Do you know what I'm referencing? In email etiquette, using all capital letters is the equivalent of shouting. Depending on the context of the message it can be aggressive or argumentative; overbearing or rude; or just come across as someone annoying.
I was recently involved in an online discussion that developed into a contentious debate. One of the participants in the email discussion (of about five people) used bolded 15 point text and capitalized every other word to try and make her point. She was defensive and accusatory to people that differed in opinion with her, and took her dialogue in the "flame" category.
I have no idea what her age, but her style of communication came across as juvenile and annoying. It is sad that she probably does not realize how incredibly bad an impression she was making on the recruiting community she was addressing. Part of the discussion had to do with networking and job seeking techniques and strategies, and she either forgot or didn't understand one of the cardinal rules: always keep it professional.
Email and other written forms of communication can be tricky. We lose so much of the meaning and context that can be imbued in the spoken word, even the tone of voice over the phone. By using ALL CAPS TO MAKE YOUR POINT, and combining it with nothing but negative observations, it really leaves a bad impression on the reader.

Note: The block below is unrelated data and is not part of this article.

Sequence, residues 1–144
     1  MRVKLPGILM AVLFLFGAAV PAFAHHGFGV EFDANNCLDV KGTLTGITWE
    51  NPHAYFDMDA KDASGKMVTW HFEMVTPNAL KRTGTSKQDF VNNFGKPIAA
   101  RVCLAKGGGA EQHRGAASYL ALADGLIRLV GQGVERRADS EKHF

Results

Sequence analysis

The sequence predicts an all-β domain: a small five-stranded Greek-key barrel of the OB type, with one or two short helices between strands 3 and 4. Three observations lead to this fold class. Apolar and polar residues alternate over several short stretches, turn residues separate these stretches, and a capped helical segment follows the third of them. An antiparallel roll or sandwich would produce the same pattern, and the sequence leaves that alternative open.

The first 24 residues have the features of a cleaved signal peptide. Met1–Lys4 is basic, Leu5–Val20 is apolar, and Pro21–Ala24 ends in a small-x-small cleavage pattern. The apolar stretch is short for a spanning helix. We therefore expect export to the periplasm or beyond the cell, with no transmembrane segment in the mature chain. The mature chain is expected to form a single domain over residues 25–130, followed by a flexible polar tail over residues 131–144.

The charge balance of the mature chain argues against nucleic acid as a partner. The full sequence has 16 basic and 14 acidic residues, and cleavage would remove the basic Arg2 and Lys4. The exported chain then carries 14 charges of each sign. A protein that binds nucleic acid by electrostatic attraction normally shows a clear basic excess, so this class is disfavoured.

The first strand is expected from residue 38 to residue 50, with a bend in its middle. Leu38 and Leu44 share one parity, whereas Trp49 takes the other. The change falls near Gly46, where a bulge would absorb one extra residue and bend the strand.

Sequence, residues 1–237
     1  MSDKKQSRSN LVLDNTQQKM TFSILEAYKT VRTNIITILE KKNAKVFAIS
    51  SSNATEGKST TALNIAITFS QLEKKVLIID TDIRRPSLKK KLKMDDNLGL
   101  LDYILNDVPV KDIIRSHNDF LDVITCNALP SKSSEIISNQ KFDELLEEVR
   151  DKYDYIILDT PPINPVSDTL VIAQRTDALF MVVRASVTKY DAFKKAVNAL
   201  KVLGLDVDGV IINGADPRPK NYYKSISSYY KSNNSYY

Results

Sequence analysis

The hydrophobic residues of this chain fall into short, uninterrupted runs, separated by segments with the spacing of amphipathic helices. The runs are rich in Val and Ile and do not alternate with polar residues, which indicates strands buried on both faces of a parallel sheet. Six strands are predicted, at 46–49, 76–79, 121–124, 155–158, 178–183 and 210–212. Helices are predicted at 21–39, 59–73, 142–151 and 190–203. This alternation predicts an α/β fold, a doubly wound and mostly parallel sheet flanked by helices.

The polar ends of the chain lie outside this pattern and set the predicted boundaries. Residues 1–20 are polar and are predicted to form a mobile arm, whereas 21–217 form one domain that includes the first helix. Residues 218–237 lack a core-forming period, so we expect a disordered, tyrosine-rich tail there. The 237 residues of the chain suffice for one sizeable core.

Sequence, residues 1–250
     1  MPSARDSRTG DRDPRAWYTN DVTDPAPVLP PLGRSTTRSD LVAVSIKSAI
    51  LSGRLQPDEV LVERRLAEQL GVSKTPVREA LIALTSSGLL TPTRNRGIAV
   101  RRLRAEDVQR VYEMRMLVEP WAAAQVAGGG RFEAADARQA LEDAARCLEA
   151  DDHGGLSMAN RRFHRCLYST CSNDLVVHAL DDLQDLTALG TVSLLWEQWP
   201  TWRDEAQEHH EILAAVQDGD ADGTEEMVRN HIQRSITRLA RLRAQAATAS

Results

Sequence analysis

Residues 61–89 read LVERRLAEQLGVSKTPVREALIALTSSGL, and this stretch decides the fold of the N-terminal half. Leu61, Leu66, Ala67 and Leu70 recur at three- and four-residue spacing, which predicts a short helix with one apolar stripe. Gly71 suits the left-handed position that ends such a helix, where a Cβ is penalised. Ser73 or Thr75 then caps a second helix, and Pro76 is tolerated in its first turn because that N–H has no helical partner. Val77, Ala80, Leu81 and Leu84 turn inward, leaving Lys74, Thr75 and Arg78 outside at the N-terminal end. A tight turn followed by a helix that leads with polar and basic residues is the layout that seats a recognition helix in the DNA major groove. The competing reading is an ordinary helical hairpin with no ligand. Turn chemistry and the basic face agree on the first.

So please, leave the SHOUT in the laundry room.
Come On In!
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Steve Paul: Re: No Need to SHOUT IT OUT!
Great point. That kind of language undemines itself in other ways as well. It demonstrates that an individual is not in control of their emotions. It demonstrates that the individual isn't listening to other points of view.
The analogy (as you point out in your title) is shouting, and just like shouting, it doesn't work especially well. I'm reminded of my 4 year old neighbor yelling at his dog. The dog heard him when he spoke softly, it simply didn't agree with what my neighbor said. :)
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